Dinoflagellates-cnidarian symbiosis in an upside down jellyfish – Cassiopea xamachana: Or “how to do science at a poster session and find a real life popeye”

I had the incredible fortune to meet a phenomenal postdoc Dr A. Ohdera at the lab of Dr. Y.Zheng (Carnegie institute, Baltimore) at ASCB (American Society of Cell Biology) 2018 meeting (poster number B786). Amongst thousands of posters – what struck me is that Dr Ohdera – who studies a unique symbiotic relationship between a swimming jellyfish and dinoflagellates – was that he had a baby jellyfish live stuck at the poster.

What a brilliant idea – for many of us who love the beauty of just watching and admiring live animals – it’s something indescribable.

So I stopped, and we talked at length about this beautiful dinoflagellates symbiosis he is working on – and I just casually said – I want to see these dinoflagellates. We both looked at each other; and soon I had my foldscope kit out and I was surgically removing a very small tentacle out of the jellyfish.

I quickly made a slide and 2 minutes later we were watching the tiny dinoflagellates inside the live tissue of the jellyfish.

To me, it was most joyful to see the smile on Ohdera’s face: since he was not expecting to see his own dinoflagellates outside the context of the lab.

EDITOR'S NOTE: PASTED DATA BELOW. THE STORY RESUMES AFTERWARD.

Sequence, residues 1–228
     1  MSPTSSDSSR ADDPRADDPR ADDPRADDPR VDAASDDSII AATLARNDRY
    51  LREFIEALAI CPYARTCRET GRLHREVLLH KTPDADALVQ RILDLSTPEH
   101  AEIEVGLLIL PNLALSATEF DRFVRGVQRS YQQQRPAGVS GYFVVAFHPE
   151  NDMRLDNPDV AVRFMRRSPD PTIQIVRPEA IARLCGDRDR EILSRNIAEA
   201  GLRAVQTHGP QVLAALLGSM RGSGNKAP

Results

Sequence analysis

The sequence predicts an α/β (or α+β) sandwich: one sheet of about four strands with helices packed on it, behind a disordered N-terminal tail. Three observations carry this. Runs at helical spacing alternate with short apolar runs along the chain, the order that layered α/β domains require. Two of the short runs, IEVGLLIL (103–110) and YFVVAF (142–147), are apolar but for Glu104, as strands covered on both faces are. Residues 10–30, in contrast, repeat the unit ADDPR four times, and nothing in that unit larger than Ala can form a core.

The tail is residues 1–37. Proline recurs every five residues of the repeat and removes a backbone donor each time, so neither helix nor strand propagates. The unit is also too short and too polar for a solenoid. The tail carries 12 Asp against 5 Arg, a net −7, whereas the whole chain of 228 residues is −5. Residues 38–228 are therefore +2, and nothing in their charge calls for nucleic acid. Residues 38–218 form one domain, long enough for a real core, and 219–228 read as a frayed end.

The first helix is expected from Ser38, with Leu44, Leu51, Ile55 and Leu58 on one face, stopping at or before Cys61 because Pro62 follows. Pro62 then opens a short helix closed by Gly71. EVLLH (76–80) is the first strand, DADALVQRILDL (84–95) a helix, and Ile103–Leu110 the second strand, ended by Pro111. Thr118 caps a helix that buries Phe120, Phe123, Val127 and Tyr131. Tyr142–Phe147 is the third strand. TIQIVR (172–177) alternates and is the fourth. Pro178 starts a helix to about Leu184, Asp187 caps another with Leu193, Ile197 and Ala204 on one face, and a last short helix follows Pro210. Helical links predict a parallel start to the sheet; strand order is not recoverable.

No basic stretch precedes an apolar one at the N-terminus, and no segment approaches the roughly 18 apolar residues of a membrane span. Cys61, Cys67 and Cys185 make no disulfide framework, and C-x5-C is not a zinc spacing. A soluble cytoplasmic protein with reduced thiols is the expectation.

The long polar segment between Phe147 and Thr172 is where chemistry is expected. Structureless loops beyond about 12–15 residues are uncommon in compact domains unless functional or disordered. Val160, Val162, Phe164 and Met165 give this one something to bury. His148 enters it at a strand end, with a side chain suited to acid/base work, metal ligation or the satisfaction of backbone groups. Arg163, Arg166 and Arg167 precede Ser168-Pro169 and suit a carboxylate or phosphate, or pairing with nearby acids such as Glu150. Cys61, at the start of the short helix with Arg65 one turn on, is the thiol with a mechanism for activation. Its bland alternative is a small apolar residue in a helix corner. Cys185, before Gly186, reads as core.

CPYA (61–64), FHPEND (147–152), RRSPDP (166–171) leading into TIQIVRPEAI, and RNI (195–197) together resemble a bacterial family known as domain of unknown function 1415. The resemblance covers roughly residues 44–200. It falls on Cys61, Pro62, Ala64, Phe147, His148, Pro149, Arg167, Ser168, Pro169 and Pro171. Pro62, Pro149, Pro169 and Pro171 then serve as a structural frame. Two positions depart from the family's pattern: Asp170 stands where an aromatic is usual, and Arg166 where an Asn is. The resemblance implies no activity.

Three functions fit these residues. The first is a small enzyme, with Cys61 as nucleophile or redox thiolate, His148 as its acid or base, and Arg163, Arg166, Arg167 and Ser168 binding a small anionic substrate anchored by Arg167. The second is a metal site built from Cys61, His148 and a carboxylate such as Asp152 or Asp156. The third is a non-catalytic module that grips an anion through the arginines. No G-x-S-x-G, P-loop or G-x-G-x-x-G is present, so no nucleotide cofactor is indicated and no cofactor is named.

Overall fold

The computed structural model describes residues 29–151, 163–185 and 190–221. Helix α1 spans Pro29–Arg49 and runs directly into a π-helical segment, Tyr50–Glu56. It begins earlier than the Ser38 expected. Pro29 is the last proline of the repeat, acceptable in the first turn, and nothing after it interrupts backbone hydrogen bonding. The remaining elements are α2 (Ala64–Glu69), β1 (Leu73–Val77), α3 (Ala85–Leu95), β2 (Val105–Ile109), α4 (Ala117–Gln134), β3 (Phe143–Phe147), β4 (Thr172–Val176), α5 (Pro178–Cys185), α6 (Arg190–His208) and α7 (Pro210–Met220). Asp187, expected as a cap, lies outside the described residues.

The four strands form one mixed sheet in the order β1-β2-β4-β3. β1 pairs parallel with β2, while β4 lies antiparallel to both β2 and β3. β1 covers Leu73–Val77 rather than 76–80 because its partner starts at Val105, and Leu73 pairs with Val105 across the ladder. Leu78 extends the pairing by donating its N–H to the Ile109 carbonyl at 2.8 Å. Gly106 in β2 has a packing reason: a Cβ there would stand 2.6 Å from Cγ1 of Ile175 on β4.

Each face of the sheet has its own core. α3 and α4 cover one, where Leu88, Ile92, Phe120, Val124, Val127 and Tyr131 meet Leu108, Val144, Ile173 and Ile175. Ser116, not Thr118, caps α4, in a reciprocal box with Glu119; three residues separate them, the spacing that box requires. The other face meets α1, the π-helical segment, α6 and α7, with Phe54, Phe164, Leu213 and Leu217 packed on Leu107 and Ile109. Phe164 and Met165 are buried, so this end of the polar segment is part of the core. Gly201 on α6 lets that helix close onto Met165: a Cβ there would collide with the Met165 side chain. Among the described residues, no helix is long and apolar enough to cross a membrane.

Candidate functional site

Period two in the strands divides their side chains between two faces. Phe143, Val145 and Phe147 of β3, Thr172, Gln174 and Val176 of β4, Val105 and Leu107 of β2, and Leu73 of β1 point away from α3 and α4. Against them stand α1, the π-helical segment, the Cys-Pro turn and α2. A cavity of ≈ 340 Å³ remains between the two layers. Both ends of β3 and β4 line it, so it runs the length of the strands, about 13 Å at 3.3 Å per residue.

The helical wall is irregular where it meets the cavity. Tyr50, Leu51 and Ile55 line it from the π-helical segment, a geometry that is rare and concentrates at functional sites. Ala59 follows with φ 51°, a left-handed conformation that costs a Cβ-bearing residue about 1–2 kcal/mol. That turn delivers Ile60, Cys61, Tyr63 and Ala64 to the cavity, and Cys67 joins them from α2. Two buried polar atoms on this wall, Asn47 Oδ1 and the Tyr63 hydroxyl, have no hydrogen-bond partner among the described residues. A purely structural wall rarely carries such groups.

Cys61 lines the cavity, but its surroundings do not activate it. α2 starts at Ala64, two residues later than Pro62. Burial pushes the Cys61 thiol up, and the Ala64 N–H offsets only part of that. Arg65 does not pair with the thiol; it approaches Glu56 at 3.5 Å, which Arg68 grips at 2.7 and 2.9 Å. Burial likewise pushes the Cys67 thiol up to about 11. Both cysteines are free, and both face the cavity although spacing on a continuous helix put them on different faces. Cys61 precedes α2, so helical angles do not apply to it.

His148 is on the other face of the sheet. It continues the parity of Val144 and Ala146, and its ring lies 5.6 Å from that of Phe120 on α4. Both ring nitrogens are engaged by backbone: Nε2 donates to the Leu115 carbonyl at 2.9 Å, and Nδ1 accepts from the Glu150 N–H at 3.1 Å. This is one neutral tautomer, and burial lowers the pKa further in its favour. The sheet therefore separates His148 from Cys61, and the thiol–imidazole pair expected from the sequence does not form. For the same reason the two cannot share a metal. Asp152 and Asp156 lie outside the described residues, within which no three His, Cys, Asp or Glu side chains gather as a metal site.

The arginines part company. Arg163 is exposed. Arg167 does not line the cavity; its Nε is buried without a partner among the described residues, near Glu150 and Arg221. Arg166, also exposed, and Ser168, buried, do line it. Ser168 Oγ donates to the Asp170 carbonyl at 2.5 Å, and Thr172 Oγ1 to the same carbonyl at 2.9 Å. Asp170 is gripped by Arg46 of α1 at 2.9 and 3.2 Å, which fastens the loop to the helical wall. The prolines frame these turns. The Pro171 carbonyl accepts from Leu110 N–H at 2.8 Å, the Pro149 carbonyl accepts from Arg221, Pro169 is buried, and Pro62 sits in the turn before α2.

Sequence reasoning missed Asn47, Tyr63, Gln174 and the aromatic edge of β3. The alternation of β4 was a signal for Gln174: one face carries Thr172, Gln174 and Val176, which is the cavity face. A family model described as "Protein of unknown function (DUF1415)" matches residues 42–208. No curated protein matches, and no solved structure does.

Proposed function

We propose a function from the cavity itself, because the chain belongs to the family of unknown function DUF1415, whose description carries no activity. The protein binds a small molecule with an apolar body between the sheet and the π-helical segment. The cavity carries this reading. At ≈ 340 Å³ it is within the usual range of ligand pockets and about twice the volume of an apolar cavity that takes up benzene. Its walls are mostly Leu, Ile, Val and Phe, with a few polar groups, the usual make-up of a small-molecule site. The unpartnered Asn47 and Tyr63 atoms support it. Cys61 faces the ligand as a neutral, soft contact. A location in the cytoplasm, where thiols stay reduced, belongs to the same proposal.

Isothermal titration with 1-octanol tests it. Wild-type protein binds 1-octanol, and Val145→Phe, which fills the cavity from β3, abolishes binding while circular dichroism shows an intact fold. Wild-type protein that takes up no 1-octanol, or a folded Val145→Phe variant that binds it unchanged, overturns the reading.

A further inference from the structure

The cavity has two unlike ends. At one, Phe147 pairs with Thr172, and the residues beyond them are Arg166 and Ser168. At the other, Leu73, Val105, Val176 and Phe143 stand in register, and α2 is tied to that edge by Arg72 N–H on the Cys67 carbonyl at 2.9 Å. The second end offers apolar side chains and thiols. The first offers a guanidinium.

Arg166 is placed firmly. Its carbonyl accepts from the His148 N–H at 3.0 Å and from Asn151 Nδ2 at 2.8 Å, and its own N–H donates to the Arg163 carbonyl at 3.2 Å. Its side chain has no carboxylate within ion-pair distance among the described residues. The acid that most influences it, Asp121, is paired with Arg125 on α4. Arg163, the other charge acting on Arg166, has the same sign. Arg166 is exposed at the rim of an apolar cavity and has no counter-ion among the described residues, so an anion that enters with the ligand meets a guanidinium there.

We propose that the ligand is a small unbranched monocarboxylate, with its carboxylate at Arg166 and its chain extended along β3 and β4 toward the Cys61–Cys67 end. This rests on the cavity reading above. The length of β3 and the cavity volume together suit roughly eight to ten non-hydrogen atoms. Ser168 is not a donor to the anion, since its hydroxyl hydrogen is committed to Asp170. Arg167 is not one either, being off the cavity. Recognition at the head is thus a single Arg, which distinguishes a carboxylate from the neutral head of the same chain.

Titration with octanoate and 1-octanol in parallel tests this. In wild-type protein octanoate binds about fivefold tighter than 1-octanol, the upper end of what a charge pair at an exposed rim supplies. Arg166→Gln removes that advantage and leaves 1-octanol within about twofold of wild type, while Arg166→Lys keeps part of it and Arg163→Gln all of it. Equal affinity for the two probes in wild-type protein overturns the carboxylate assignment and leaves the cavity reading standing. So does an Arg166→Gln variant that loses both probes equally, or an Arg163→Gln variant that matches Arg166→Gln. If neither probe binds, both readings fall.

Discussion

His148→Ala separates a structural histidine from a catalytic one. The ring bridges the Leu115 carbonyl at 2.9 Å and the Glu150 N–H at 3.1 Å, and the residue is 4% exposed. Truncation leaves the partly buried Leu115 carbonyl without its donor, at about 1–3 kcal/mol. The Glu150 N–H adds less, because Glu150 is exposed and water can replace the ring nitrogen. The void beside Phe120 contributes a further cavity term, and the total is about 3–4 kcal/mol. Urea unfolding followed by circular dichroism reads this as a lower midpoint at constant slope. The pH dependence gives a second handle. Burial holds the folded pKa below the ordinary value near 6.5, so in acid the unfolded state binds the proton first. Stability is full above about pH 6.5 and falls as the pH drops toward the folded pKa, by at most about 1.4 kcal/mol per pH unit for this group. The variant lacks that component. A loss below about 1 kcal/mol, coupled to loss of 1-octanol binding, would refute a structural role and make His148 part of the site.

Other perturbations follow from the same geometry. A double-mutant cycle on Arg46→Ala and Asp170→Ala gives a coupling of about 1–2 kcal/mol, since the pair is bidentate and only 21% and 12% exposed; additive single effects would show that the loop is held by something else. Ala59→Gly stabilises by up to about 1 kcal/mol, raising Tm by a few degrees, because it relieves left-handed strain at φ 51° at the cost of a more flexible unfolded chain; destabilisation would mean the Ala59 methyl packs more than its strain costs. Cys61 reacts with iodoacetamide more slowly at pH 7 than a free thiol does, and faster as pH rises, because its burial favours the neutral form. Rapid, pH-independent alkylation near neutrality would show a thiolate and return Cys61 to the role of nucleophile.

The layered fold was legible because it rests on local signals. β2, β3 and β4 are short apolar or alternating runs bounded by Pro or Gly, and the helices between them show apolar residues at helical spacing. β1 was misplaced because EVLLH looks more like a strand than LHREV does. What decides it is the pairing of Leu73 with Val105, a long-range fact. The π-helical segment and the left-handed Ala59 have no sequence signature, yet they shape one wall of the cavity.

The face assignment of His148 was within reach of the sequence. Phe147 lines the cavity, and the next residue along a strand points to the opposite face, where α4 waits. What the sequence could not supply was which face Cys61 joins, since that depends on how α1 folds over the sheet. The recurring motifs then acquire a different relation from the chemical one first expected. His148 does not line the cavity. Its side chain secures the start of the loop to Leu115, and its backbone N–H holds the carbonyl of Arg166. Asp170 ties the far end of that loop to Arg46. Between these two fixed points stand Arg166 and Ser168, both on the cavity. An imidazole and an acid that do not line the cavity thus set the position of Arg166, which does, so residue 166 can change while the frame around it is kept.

What’s beautiful is that the jellyfish does not need to really catch prey – since all the photosynthatse and other products made by dinoflagellates can just be used by the jelly fish. These poor Dino’s are actually prisoners of single cells. The cells divide – share the Dino (that also divide inside the cell) and hence passed through this centipede lineages.

This is as if you could steal spinach cells – get them inside you – and you never have to eat again as long as you hang out in the sun. Isn’t that the story of Popeye! All the super hero’s – we have them in biology.

Next time you present a poster at a conference – remember to bring your foldscope and your organism. I can not think of a better way to connect with the community – you are trying to share your science.

After this experience – we continued to talk about the bizarre biology of this system. If Dr Ohdera succeeds in understanding this system – the ideas would apply for coral reefs since the coral also have dinoflagellates as symbiotic organisms in the tissue. With the dramatic decline of coral reefs due to bleaching (when the dinoflagellates die or leave – and hence the coral dies) – time is running out. Let’s get out and try to understand this crucial “friendship” that makes all our coral reefs work.

So wonderful to meet you my friend!

Keep exploring

Manu

3 Comments Add yours

  1. Hey Manu,
    Fantastic post… Thanks for sharing…
    Jellyfishes are really mysterious, they don’t even have a brain and yet they survive, most of the deep sea creatures do for a fact…
    Many theorists believe they’re most likely to be of alien origin.
    Demystifying the ocean creatures can tell us a lot of history and origin of life on our blue planet….
    After all life started in the oceans….
    FYI…There’s one more type of jellyfish known as the immortal jellyfish.
    They can go from old age to juvenile form.
    https://en.m.wikipedia.org/wiki/Turritopsis_dohrnii

    Cheers
    Yashas

  2. laksiyer says:

    Great idea for a poster indeed. Any videos of the dinoflagellates?

  3. Manu Prakash says:

    The Dino’s were non motile – so I just took pictures. But this is a beautiful system – and these jellyfish are not so hard to keep (they are photosynthetic after all).

    Cheers
    Manu

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